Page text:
Honestly, I’m just jealous I didn’t think of that pun first.
For my last semester of college, I’ve have been taking a rather intense course on social media. It’s a bit tricky to implement what I’ve learned into my own self-promotion, but I’m walking away with some useful resource tools like HootSuite and Spotify under my belt.
More importantly, I’ve learned about the things that I and everyone else desperately need to avoid or stop doing. A vast majority of these things would seem to be obvious, but alas, we still still go out of our way to make complete fools of ourselves on the public stage of the Internet where anyone can find your stupidity and judge for it accordingly.
Relationships have ended over Twitter, jobs have been lost over LinkedIn, and criminals have been caught over Facebook (although, granted, most of them probably deserved it) all because they apparently didn’t get the memo that not every aspect of their lives need to be online. Here are some things to bare in mind while using the social network of your choice.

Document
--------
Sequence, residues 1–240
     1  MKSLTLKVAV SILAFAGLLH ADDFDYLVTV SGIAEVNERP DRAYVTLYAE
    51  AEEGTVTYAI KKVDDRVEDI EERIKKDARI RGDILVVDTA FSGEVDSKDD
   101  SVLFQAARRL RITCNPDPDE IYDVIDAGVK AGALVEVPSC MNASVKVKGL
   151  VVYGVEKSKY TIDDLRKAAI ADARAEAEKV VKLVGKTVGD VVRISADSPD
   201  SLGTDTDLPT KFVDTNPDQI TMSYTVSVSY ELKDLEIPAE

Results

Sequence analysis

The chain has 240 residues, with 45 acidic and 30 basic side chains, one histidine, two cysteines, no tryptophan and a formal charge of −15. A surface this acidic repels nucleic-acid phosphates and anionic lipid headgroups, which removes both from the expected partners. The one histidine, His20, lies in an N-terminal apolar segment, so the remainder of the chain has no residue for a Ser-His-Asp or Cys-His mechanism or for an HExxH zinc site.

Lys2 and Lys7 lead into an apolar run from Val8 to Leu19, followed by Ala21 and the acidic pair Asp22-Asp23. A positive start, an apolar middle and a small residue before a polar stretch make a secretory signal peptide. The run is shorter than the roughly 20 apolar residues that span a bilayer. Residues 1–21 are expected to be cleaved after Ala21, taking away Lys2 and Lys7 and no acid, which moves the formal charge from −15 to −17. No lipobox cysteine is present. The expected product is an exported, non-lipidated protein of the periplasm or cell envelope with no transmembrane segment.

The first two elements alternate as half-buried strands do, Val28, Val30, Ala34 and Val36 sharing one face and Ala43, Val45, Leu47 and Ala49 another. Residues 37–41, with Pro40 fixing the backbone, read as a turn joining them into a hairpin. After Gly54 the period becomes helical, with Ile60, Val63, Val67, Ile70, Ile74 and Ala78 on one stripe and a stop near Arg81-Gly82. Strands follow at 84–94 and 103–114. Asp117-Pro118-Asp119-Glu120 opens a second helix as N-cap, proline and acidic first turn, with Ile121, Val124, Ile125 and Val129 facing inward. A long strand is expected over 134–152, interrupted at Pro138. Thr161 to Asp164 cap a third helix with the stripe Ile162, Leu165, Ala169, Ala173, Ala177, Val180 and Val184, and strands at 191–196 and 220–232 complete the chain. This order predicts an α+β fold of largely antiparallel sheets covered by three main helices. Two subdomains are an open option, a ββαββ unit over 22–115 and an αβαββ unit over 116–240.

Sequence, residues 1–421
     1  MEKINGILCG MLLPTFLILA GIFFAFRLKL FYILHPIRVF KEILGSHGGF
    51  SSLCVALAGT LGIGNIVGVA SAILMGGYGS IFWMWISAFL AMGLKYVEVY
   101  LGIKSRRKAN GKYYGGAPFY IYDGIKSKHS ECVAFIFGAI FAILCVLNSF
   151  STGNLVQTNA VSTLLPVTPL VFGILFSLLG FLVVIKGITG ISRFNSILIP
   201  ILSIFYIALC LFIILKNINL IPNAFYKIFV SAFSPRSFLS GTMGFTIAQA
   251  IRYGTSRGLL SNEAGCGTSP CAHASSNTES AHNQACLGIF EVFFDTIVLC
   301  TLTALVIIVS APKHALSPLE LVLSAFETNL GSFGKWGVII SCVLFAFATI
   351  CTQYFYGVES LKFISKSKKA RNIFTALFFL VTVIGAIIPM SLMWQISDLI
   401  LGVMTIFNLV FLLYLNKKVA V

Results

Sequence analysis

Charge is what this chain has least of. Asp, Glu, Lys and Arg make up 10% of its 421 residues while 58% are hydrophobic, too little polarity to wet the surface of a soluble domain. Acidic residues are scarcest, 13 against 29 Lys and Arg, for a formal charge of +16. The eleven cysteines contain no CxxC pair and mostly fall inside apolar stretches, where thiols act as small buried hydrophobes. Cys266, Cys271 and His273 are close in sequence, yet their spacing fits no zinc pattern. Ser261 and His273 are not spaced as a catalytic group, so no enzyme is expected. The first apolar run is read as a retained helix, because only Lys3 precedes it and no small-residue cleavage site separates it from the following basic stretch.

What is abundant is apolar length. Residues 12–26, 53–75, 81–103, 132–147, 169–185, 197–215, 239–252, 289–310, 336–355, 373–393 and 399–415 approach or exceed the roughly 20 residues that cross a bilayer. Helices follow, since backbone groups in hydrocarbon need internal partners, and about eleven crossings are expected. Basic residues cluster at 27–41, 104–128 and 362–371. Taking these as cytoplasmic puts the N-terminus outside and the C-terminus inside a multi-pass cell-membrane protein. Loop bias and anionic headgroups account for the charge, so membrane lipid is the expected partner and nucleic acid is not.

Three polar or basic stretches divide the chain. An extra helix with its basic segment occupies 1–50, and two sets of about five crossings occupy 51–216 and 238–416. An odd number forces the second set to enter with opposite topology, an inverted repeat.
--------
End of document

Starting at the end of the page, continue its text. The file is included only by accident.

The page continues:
Why, yes. Yes you do, as a matter of fact.
It’s a joke told around the web; The phrase, “I have read to and agree to the terms of service,” is the greatest lie we have ever told. But who is actually hurt more by this act of negligence?
Most people are aware of the people claiming that they refuse to let platforms like Facebook claim right to their photos and posts, but those people have already lost the fight. When you click that OK button, you have signed your life away. You have already agreed to let the company use your information as they see fit.